March 15, 2010

"Training Partners" - great article

One of the better articles I have ever seen on training partners from Jim Gruenwald, two time Olympic Team and current head coach at Wheaton College.

Strive to have these three partners!


Creating a complete wrestling environment (Part 1)– Jim Gruenwald

In my 12 years at the USOTC, I tried to be a student of the sport, not only as an athlete, but also in preparation for being a coach. This early attitude helped considerably to prepare me for my 4 years at the USOEC and now as a college coach. I looked at my time at the USOEC as an apprenticeship under Ivan Ivanov which added to my earlier learning. What made the transition easier from being an athlete to being a coach was studying the coaches who mentored me. How much of their influence is in the following ideas, I do not know, but I give them credit for making me a better coach than I could have been without them.

With that said, coaching tip number one to create a complete training environment is to have a wrestling room where you have three different types of training partner. I firmly believe, and would go so far as to say I know, that you need these three distinct types of partner to have the necessary tools for thorough training. Just training with any one partner for extended periods limits your ability to grow as an athlete. This does not mean a person cannot grow, but the growth is limited. The argument could easily be made that some people plateau in training because of an unwillingness to adopt or an ignorance of the three partners.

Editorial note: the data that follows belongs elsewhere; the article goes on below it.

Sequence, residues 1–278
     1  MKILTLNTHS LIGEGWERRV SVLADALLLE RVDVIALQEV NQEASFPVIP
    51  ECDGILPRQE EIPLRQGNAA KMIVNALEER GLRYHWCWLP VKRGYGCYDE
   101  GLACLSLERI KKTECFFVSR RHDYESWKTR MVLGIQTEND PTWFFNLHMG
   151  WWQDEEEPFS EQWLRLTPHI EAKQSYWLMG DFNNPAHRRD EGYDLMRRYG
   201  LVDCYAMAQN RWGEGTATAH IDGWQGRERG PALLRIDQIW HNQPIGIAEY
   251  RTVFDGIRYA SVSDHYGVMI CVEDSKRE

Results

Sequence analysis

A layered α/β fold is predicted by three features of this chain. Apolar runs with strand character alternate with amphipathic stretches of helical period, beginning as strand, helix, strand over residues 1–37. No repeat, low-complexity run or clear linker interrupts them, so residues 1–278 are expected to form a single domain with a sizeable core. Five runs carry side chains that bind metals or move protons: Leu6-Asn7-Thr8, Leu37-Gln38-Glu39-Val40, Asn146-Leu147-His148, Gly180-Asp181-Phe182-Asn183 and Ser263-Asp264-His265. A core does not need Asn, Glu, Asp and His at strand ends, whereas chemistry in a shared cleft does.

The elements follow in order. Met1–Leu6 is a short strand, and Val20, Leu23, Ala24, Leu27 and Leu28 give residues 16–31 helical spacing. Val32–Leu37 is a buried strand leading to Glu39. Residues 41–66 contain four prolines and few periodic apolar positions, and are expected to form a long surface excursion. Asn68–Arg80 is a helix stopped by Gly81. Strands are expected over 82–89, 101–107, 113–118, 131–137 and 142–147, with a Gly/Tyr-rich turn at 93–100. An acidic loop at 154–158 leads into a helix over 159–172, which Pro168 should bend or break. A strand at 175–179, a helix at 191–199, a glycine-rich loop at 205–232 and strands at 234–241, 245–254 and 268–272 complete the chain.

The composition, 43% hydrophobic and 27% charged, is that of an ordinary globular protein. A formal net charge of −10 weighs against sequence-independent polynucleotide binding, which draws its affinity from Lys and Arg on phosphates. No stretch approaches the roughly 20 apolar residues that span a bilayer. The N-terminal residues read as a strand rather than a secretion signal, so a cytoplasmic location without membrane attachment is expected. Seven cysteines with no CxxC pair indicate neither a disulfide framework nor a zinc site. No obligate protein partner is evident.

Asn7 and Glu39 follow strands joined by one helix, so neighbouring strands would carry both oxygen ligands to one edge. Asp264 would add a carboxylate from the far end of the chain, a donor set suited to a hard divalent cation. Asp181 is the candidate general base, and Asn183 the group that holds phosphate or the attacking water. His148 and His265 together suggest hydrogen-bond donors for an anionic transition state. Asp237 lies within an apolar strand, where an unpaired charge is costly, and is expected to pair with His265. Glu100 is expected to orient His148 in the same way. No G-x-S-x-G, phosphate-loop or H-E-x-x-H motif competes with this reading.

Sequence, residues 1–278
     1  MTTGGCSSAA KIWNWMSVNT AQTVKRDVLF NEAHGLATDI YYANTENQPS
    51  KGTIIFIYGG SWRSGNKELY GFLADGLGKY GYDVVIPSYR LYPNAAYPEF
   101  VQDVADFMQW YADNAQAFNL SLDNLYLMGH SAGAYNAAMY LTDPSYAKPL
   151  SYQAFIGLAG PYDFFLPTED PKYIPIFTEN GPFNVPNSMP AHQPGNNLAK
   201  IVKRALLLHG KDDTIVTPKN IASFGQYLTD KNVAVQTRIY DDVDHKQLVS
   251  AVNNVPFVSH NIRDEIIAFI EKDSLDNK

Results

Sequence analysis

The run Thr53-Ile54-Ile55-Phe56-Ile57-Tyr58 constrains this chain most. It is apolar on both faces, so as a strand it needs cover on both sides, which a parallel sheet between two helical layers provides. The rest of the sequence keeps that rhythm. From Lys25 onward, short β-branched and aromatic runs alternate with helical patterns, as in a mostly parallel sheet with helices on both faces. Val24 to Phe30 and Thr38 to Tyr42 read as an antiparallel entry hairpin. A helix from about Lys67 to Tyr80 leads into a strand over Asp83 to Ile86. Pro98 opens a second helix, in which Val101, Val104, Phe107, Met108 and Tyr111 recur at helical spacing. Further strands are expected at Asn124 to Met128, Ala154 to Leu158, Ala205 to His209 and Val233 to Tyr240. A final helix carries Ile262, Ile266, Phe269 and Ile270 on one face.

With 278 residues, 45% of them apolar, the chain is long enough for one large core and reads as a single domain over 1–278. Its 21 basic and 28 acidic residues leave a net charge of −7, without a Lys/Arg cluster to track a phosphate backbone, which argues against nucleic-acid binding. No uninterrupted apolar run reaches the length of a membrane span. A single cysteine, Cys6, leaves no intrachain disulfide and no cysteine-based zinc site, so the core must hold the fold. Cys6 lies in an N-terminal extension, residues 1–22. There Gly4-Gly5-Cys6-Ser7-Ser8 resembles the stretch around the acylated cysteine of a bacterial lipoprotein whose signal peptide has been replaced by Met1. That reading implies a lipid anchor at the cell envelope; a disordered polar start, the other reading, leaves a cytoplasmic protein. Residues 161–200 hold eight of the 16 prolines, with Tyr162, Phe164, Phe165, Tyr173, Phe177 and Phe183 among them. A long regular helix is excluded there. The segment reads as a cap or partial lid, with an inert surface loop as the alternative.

The first partner, in no particular order of importance, is the training partner that you can beat up. This person acts almost like a living throwing dummy. Obviously the individual must be good enough and well versed in the sport to be able to react correctly to set ups and situations, yet they are practically unable to stop you in a live situation. This partner allows one to hit technique in a live situation which allows for a more thorough training for muscle memory than just pure drilling can accomplish. The set up and timing of the move in a live situation is far more beneficial than mindlessly drilling technique for hours. I am not opposed to drilling technique, but like memorizing facts for a math test, it is the lowest level of learning. As with any higher level thinking, i.e. the application of concepts such as the Pythagorean Theorem to the sides of a right triangle, so there must be higher level muscle training which can be developed by applying the technique in a live situation. The downside of only using this partner is that you are never tested in close-to-competition conditions and can become overconfident because inexperience at higher level intensity or pressure circumstances that can be achieved only by the other two partners.